World Bulletin / News Desk
People using a common class of antidepressants may have slightly increased odds of suffering bleeding in the brain - though the risk is still very small, according to a Canadian study looking at more than 500,000 people.
The antidepressants are known as selective serotonin reuptake inhibitors (SSRIs) and include widely used drugs like fluoxetine (Prozac), sertraline (Zoloft), citalopram (Celexa) and paroxetine (Paxil.)
The SSRIs have been linked to a risk of stomach bleeding, but studies have come to conflicting findings on whether SSRI users have any higher risk of hemorrhagic strokes, which happen when there is bleeding in or around the brain.
For the study, which appeared in the journal Neurology, researchers pooled the findings from 16 past studies involving more than 500,000 people who were on SSRIs or not.
Overall, antidepressant users were about 40 to 50 percent more likely to suffer bleeding in or around the brain.
But while those numbers might sound big, the risks to any one person would be "extremely low," said lead researcher Daniel Hackam, an associate professor of medicine at Western University in London, Ontario, Canada.
Based on these figures, he said, there would be one brain hemorrhage for every 10,000 people using an SSRI over one year.
What's more, the findings do not prove that the antidepressants directly cause brain bleeds. It's possible, Hackham said, that SSRI users are "sicker" than non-users or have habits that put them at greater stroke risk.
The researchers tried to account for those factors in their calculations, but some of the studies they analyzed lacked key information, such as peoples's smoking and drinking habits, and whether they had diabetes.
"We can't infer cause and effect from this," Hackam said.
On the other hand, there are reasons to believe it's the medications themselves. For one, the hemorrhage risk seemed greatest in the first months after people started using an SSRI.
There's also a biological argument. SSRIs seem to make it harder for blood cells called platelets to clump together and form clots - and there can be a big drop in a person's platelet functions in the first weeks after starting an SSRI, he said.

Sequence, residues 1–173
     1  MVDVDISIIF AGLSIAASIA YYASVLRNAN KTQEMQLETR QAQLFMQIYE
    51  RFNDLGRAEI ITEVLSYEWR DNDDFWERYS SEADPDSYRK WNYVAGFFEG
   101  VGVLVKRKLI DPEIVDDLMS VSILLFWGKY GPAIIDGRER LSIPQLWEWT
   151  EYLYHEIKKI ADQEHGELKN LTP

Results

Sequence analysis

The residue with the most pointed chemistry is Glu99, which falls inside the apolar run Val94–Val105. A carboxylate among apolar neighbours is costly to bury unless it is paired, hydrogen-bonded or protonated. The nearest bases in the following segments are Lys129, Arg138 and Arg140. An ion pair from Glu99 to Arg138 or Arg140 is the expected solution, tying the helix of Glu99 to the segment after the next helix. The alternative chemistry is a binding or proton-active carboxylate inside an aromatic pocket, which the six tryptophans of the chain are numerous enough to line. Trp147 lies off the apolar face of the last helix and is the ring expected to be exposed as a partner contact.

Still, he stressed that people on the antidepressants should not be alarmed.
"I think that overall, these medications are quite safe," he added.
But people who are already at increased risk of a brain hemorrhage may need to be careful. That includes people who have had a brain bleed in the past, or are on medications that reduce blood clotting.
In an interview Hollywood actor Jean Claude Van Damme has stated that he favoured Arabic food and that the diet followed by the Prophet Muhammad was one that was best for the human body
El Nino has devastated Mozambique's Gorongosa park with political tensions threatening the park
Cupping therapy is an ancient form of alternative medicine in which a therapist puts special cups on skin for a few minutes to create suction, the therapy itself dates back to the time of the Prophet Muhammad.
The Earth has hit a record high with an overall globel temperature the highest ever on record
The National Institute of Health may fund research into mixed embryos to better understand human diseases and develop therapies to treat them.
Travel across multiple time zones disrupts circadian rhythms resulting in jet lag
After five years the radiation levels in the Pacific Ocean are close to normal levels after a nuclear meltdown in the city
A trilateral pledge will see a jump from the current collective clean power levels of about 37% to 50% by 2025
Around 6.5 million deaths globally are attributed each year to poor air quality inside and outside, making it the world's fourth-largest threat to human health, behind high blood pressure, dietary risks and smoking
New World Drug Report research identifies heroin as deadliest drug
Zika has caused alarm throughout the Americas since cases of the birth defect microcephaly were reported in Brazil, the country hardest hit by the outbreak
Philadelphia has become the first big city in the US to place a tax on soda to tackle the obesity crisis
Average global temperatures startlingly higher than normal between March-May
Government study provides strongest evidence of cell phone health effects
The reason for the high-level threat in the area is the presence there of Aedes aegypti mosquitoes, which carry the Zika virus that health authorities say causes birth defects in newborns